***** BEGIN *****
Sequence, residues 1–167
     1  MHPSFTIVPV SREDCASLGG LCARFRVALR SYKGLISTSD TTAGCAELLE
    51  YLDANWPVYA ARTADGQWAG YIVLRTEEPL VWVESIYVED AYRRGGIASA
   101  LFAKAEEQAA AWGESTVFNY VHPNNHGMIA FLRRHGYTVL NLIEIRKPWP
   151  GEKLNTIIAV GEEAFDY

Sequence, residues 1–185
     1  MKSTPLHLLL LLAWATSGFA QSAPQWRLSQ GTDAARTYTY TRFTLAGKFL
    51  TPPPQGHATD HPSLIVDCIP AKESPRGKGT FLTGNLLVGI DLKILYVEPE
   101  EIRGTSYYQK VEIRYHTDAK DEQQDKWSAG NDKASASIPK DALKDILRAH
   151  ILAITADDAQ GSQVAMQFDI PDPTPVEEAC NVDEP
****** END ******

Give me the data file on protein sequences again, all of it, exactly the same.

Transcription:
Sequence, residues 1–167
     1  MHPSFTIVPV SREDCASLGG LCARFRVALR SYKGLISTSD TTAGCAELLE
    51  YLDANWPVYA ARTADGQWAG YIVLRTEEPL VWVESIYVED AYRRGGIASA
   101  LFAKAEEQAA AWGESTVFNY VHPNNHGMIA FLRRHGYTVL NLIEIRKPWP
   151  GEKLNTIIAV GEEAFDY

Sequence, residues 1–185
     1  MKSTPLHLLL LLAWATSGFA QSAPQWRLSQ GTDAARTYTY TRFTLAGKFL
    51  TPPPQGHATD HPSLIVDCIP AKESPRGKGT FLTGNLLVGI DLKILYVEPE
   101  EIRGTSYYQK VEIRYHTDAK DEQQDKWSAG NDKASASIPK DALKDILRAH
   151  ILAITADDAQ GSQVAMQFDI PDPTPVEEAC NVDEP